How can those same scholars continue to lecture about decolonization when they have been the quiet observers of the Palestinian genocide that continues today? How can they believe any word that escapes their mouths in this regard—or any other? How can they draft proposals about something that proved, to them, non-existent? What is the solution to this complete distortion, the collapse of the very practice and propagation of academic work? Amid this horrifying violence against Palestinians and the equally horrifying silence of the West’s academics, perhaps the answer to those difficult questions lies not in the negation of academia but in a kind of willful transformation that collides with its whiteness and complicity. Academia can be saved in this moment and its aftermath by breaking the shackles of institutional hegemony and pushing academic work into the trenches of praxis.
This can only happen if those suffering from the West’s selective humanities come together and embed academic tools into non-academic spaces: making academic thought and decolonial theory accessible to the people outside the walls of universities and utilizing, to a greater extent, cyberspace to disseminate the messages of intellectuals concerning freedom. Also, organizing teach-ins, making resources public, and incorporating movies, artworks, oral histories, documentaries, graffiti art, popular music, and everyday conversations around solidarity as materials for pedagogy. This also includes protesting, drafting petitions, organizing, writing, debating, and speaking to others with the impassioned fire of intellectual liberation and freedom.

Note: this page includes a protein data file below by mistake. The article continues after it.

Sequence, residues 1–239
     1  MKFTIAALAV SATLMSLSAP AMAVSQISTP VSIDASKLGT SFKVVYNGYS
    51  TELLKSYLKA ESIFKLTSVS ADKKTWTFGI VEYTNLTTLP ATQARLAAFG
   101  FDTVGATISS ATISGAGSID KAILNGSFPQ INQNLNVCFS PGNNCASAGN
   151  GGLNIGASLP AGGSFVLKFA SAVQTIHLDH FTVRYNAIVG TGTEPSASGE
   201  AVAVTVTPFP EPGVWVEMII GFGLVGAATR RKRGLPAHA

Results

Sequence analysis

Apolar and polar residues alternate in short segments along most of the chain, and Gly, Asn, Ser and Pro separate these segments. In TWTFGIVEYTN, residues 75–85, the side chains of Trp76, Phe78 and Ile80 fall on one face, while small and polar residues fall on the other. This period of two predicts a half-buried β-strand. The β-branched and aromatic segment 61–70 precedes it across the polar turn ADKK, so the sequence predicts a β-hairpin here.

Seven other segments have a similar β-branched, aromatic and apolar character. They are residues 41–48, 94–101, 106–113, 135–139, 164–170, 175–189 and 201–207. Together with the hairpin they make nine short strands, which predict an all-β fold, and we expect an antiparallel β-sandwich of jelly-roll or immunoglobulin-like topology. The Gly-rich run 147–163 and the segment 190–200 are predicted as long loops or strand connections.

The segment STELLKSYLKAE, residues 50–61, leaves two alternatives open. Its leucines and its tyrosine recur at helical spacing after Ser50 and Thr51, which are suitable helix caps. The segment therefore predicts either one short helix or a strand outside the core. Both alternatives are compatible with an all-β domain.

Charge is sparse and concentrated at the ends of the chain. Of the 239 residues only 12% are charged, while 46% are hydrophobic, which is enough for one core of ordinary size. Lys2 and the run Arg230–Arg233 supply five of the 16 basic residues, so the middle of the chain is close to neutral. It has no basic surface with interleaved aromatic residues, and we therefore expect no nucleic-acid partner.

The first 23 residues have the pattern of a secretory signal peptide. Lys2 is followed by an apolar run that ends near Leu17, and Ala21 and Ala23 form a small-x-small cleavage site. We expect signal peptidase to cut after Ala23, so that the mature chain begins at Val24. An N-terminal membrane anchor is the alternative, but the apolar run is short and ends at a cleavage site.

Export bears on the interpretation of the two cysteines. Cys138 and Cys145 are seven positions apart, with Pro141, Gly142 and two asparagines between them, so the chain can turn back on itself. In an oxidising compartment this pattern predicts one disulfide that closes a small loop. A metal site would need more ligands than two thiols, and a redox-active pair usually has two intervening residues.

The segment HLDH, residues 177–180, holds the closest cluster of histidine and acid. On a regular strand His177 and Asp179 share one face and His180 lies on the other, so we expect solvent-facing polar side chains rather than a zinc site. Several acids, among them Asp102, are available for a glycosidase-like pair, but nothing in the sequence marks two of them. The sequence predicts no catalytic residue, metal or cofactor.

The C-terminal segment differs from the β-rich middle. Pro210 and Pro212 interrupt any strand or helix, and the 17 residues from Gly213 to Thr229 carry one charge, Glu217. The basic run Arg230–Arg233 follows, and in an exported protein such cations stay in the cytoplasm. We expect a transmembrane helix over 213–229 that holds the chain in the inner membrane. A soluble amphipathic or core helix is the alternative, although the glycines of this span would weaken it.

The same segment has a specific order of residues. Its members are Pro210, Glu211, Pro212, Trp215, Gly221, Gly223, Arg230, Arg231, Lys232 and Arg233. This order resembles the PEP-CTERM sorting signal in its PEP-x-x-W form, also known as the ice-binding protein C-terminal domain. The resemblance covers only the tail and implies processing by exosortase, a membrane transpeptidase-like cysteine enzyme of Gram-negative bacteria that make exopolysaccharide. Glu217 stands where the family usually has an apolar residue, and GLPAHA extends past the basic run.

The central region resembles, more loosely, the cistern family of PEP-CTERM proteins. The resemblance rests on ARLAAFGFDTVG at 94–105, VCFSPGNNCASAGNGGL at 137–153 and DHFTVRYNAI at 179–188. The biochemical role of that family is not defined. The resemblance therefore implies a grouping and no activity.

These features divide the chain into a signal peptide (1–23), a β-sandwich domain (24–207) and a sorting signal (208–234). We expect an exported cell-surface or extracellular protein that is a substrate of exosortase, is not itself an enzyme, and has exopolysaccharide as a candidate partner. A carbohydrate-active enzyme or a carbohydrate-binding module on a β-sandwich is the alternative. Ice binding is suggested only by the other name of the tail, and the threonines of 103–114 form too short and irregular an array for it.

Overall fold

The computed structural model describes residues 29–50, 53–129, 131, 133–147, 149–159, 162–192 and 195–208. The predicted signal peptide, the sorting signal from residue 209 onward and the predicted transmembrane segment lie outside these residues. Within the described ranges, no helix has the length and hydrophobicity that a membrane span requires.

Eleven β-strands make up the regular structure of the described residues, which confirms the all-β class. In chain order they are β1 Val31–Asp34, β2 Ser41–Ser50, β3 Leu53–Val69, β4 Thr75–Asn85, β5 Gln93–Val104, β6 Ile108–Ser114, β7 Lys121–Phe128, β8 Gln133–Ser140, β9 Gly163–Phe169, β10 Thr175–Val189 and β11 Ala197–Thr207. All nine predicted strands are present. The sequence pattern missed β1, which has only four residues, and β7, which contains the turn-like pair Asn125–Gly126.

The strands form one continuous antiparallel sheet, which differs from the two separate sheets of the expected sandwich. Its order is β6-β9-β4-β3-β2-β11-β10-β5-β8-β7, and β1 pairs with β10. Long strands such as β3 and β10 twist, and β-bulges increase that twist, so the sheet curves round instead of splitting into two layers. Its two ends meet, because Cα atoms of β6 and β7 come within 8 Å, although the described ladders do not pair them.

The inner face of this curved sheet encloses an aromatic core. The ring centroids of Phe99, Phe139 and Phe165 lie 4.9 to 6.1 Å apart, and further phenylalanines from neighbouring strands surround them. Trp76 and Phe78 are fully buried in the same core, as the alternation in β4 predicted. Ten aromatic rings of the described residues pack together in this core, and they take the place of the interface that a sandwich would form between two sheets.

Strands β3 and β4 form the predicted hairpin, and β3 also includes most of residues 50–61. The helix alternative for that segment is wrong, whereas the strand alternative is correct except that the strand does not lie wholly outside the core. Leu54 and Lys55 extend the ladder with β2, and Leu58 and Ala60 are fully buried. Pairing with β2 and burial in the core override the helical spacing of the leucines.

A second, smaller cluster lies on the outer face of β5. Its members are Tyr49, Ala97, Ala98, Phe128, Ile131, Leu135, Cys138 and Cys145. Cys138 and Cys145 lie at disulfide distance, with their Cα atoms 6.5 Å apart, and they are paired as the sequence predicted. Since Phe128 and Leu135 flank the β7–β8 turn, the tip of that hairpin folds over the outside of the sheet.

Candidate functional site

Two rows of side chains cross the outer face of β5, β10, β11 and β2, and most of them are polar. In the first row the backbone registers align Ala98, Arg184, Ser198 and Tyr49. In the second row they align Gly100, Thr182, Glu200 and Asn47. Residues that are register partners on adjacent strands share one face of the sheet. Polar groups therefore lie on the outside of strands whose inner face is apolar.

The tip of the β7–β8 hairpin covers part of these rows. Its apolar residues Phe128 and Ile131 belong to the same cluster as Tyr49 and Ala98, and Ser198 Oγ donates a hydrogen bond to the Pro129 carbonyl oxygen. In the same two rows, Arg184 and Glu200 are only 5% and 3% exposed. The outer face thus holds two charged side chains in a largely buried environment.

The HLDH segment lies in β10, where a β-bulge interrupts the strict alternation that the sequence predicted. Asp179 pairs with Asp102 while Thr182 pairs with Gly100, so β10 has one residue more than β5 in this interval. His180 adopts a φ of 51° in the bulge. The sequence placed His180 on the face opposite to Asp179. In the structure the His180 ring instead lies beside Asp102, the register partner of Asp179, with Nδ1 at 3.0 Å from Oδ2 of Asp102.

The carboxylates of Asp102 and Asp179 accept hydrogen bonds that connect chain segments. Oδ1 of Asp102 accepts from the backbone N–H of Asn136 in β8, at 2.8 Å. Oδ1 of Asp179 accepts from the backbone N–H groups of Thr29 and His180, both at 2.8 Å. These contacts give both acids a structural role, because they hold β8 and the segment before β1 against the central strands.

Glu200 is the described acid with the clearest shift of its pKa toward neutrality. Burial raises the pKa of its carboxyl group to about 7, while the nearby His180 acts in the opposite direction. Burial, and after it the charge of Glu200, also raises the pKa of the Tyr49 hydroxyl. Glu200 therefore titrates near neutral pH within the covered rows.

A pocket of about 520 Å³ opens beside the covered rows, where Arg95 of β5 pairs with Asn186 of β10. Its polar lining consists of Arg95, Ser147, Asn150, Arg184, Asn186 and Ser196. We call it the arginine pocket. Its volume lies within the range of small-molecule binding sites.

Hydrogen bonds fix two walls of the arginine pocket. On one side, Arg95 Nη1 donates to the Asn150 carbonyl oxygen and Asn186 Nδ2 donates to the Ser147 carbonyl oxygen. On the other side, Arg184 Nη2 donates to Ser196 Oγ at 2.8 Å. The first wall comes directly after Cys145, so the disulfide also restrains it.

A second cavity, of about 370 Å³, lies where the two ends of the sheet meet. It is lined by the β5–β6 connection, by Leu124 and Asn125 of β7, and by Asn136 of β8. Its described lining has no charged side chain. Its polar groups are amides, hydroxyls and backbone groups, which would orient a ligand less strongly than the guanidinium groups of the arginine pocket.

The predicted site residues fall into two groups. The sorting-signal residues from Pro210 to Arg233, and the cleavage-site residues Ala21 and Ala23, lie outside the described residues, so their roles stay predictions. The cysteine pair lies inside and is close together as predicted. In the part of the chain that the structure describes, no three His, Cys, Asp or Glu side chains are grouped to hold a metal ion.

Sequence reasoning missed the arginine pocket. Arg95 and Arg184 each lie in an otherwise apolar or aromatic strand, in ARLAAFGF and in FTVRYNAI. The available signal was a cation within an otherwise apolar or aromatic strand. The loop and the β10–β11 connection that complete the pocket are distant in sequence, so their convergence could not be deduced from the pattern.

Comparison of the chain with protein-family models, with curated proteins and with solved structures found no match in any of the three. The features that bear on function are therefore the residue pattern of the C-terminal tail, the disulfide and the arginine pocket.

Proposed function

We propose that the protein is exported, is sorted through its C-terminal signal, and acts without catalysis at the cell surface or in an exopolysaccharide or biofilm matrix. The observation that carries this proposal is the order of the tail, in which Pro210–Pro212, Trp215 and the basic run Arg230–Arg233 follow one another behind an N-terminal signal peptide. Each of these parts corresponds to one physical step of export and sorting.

Academia can learn abundantly from martyr Ghassan Kanafani’s theories on resistance literature; academia can even apply them. Resistance poems, short stories, novels, experimental texts, novellas, plays, poster texts, and exhibition texts can be used towards that. Texts that insist on the need to keep hope, to resist the eradication and annihilation of the Palestinians, to love our kin in moments of pain, to extend our solidarities, to liberate ourselves from the wretchedness of this earth, to bring about liberation, to live, to live, to live.
Perhaps the most violent thing humanity has ever experienced is the absolute crystallization of the West’s white humanities: the white man’s dreams of purged utopias, his obsession with possession: enslaving the bodies, looting the objects, colonizing the land, archiving memories, his thieving of the discourse around decolonization, his fatal consumption, and his indoctrination of students about the limits of humanity and its inapplicability to the children of darkness.
The colonizers never woke up with a pained conscience. They had never gone to sleep.
Franz Fanon, a beloved interlocutor to thousands of Palestinians in this dark moment, can be heard clearly now. “Finally, in the third phase, which is called the fighting phase, the native, after having tried to lose himself in the people and with the people, will on the contrary shake the people. Instead of according the people’s lethargy an honoured place in his esteem, he turns himself into an awakener of the people; hence comes a fighting literature, a revolutionary literature, and a national literature. During this phase a great many men and women who up till now would never have thought of producing a literary work…feel the need to speak to their nation, to compose the sentence which expresses the heart of the people and to become the mouthpiece of a new reality in action”.2
1 Franz Fanon, The Wretched of the Earth (London: Penguin Group, 2001 [first published 1961]), 70
2 ibid, 179
Sanabel Abdelrahman holds a Ph.D. in Arabic Studies, focusing on magical realism in Palestinian literature. She is a bilingual writer and publishes essays critiquing art and literature on platforms including Fus7a, al-Akhbar, 7iber, Jadaliyya, and NO NIIN. Sanabel uses texts and images to achieve a reading of the material reality in order to devise ways to counter it. In academic papers, literary texts, and film photography, she investigates literature’s potential in transforming the imagination into a lived reality.